Our view is that we believe a significant broad-based and recovery in spending will begin in earnest next year, and we do think it will be a multiyear increase in spending. What we're seeing now early stages here in late 2021, are some green shoots, primarily concentrated in the Americas. And this is new exploration projects moving forward, increasing demand for helicopters from Brazil in the Caribbean, also in the U.S. Gulf of Mexico. Again, at this stage, short-term exploration projects, but starting to develop a pipeline that will drive that more broad-based increase in overall activity beginning in earnings next year.

Dio Balani -- SKF -- Analyst

Perfect, thank you.

Christopher Bradshaw -- President and Chief Executive Officer

Thank you.

Operator

[Operator Instructions] We'll now take our next question from Adam Ritzer, private investor.

Adam Ritzer -- private investor -- Analyst

I had a question regarding the capex in the quarter. It looks like you guys bought an S-92 that was coming off lease. Is there a reason why you decided to acquire that or just let it roll off and use one of your existing S-92s?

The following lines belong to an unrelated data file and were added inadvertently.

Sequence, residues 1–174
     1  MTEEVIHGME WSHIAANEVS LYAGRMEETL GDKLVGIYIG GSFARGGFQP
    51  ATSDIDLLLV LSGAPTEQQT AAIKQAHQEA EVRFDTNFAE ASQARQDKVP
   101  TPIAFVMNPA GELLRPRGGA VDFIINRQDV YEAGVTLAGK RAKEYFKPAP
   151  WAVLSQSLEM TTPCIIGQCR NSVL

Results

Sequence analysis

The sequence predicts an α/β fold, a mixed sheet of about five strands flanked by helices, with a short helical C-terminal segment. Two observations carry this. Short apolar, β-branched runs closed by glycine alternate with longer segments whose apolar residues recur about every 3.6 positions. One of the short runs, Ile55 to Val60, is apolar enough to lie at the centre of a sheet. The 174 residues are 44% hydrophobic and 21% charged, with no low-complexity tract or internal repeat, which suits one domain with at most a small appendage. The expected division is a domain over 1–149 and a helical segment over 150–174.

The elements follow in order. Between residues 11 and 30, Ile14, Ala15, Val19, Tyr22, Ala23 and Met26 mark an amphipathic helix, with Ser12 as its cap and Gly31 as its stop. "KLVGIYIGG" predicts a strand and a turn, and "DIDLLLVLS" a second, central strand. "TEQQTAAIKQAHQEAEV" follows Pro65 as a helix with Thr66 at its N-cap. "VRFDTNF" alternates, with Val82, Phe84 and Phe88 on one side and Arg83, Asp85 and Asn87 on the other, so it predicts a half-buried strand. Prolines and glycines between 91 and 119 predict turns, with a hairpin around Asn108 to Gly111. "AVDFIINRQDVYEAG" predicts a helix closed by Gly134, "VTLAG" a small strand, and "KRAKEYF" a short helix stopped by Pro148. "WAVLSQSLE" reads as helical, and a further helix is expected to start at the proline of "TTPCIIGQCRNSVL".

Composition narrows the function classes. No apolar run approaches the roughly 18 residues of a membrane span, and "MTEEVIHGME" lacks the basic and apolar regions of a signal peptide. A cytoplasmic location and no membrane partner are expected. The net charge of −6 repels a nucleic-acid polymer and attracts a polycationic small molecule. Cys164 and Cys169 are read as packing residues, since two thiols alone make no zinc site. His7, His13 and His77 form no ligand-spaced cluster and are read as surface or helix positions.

Jennifer Dawn Whalen -- Senior Vice President, Chief Financial Officer

Adam, thanks for the question. This was tied to a particular lease, a one-off lease that existed, has a good fit for some time where it had a put option where the helicopter was put to us, and we were happy with the value that we're able to acquire that helicopter for, but it was part of the base agreement.

Adam Ritzer -- private investor -- Analyst

Got it. So it was put to you instead of you guys were going out and buying it. How much did that cost you?

Jennifer Dawn Whalen -- Senior Vice President, Chief Financial Officer